What: Tech giant HP's stock rose 10% in February, according to data provided by S&P Global Market Intelligence.
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The boost contributed to a huge rebound for shares this year, which had been down by as much as 23% but are now just 4% below where they started 2016.
So what: HP rose in advance of the company's quarterly earnings release on Feb. 24. And while the initial reaction to that report was sharply negative, the stock finished the month significantly higher.
After adjusting for currency changes, sales in fiscal Q2 fell 5% overall as printing and PC revenue plunged. The PC segment logged a 6% revenue decline as HP sold 8% fewer notebooks and 13% fewer PCs. Printing plunged by 11%.
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Profitability declined as well, with operating margin slipping to 7.6% from 8.1% a year ago. That dip translated into 12% lower earnings.
Now what: HP's outlook doesn't forecast a quick change of fortunes. "We have some tough quarters ahead," CEO Dion Weisler said in a press release. But the company's leading market position leaves it well poised to recover once the industry stops contracting, management contends.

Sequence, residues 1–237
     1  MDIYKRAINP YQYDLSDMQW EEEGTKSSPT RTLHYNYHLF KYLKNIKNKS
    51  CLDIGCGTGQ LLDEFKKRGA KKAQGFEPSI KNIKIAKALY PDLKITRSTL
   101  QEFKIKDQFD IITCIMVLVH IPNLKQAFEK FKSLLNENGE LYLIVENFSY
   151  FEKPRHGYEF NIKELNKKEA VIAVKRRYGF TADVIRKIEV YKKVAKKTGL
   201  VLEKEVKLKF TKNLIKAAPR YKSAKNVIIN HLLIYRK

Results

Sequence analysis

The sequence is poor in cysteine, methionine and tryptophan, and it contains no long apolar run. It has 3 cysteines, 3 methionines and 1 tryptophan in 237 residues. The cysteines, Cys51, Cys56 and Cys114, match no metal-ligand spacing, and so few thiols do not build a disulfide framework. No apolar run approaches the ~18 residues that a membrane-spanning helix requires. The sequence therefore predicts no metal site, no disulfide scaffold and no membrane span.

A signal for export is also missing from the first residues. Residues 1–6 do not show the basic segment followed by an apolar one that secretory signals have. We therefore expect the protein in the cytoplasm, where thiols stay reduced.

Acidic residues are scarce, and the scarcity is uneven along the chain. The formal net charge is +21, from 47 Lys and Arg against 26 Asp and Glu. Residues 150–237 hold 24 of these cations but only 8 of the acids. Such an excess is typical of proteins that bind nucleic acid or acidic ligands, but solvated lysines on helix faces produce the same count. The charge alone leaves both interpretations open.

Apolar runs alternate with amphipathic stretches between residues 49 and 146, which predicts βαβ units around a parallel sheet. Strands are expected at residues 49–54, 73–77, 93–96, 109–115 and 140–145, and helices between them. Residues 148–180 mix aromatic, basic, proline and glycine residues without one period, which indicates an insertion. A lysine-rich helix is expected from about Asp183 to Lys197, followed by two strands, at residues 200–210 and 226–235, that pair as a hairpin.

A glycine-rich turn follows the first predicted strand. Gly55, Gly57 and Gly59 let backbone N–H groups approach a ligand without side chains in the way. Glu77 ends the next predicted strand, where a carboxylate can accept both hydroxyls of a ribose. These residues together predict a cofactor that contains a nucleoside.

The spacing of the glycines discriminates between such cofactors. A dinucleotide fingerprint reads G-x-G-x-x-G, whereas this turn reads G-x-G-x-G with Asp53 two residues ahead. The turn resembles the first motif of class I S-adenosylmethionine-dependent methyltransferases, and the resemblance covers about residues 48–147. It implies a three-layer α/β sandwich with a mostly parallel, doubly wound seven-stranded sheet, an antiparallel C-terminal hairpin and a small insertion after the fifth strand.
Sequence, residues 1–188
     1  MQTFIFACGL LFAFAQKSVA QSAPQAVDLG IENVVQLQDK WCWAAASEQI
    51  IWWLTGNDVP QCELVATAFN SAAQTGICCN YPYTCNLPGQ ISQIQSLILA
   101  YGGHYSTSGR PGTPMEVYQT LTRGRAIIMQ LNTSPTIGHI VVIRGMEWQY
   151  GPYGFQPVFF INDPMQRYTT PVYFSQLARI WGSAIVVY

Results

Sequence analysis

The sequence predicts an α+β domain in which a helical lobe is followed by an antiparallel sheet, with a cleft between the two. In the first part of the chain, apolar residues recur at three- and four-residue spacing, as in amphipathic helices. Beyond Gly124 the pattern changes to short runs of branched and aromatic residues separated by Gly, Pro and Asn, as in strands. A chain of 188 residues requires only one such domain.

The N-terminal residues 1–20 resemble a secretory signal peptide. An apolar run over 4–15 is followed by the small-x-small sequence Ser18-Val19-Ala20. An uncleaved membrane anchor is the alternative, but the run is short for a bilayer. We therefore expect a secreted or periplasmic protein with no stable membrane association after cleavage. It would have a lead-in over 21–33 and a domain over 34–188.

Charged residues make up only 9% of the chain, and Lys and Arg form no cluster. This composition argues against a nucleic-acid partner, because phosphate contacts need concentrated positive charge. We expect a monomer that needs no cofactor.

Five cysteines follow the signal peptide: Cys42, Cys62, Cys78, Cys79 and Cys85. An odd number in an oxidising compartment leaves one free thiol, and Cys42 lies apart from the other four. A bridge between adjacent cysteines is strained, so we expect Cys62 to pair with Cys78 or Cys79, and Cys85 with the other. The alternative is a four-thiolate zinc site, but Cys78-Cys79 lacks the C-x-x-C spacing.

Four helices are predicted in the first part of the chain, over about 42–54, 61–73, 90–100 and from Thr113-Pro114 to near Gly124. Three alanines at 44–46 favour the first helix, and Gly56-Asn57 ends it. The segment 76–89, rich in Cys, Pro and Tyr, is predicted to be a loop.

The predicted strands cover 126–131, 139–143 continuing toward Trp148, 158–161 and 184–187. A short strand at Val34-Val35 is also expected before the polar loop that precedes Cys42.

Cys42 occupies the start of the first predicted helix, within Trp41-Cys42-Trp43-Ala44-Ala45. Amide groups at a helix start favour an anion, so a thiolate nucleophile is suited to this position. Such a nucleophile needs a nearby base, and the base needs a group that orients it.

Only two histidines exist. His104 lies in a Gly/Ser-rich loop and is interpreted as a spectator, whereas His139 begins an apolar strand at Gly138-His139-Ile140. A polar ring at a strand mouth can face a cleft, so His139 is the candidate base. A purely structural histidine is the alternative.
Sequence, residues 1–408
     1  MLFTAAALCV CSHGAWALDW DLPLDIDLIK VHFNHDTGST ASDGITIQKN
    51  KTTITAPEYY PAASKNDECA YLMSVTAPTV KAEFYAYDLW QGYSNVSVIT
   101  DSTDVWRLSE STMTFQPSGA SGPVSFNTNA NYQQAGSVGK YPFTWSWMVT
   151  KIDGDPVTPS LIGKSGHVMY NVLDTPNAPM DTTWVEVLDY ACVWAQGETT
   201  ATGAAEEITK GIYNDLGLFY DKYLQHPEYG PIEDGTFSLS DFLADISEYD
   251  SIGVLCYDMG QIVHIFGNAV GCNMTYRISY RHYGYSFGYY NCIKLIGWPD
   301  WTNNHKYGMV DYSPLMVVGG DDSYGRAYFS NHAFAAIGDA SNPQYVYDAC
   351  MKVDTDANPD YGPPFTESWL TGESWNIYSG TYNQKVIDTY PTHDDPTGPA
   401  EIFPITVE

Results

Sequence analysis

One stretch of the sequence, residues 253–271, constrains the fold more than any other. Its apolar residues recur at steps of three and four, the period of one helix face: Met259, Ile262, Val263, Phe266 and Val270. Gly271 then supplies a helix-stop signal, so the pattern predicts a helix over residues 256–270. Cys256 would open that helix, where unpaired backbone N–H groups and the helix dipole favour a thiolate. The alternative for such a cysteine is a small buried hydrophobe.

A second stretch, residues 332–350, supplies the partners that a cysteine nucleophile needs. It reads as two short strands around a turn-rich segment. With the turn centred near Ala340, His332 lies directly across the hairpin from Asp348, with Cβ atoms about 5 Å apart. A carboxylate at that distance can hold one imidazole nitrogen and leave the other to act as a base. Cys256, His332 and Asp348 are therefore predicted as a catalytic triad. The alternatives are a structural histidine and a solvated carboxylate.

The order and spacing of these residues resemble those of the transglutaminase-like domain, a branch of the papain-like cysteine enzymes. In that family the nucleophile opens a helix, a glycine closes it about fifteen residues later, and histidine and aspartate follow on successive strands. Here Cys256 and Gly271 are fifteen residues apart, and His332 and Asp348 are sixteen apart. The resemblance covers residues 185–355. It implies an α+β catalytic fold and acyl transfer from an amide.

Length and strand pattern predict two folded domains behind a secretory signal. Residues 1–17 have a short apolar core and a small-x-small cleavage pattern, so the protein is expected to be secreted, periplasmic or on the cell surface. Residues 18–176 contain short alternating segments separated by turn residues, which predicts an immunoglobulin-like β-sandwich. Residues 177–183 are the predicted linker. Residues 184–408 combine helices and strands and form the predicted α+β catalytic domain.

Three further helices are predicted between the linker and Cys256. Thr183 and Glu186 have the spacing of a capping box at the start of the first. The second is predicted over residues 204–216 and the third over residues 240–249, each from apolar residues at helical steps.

Image source: HP.
While HP waits for a market rebound, the company will focus on aggressively cutting costs. Executives say they are running ahead of their goal of cutting $1 billion out of annual expenses.
Head count will fall by at least 3,000 as well, with likely additional cuts to come. "I believe there may be more opportunity to reduce costs and streamline process," Weisler told investors in a conference call last month. Shareholders can expect details on that restructuring strategy soon, likely at HP's annual investor meeting in early April.
The article Why HP Inc. Rose 10% in February originally appeared on Fool.com.
Demitrios Kalogeropoulos has no position in any stocks mentioned. The Motley Fool has no position in any of the stocks mentioned. Try any of our Foolish newsletter services free for 30 days. We Fools may not all hold the same opinions, but we all believe that considering a diverse range of insights makes us better investors. The Motley Fool has a disclosure policy.
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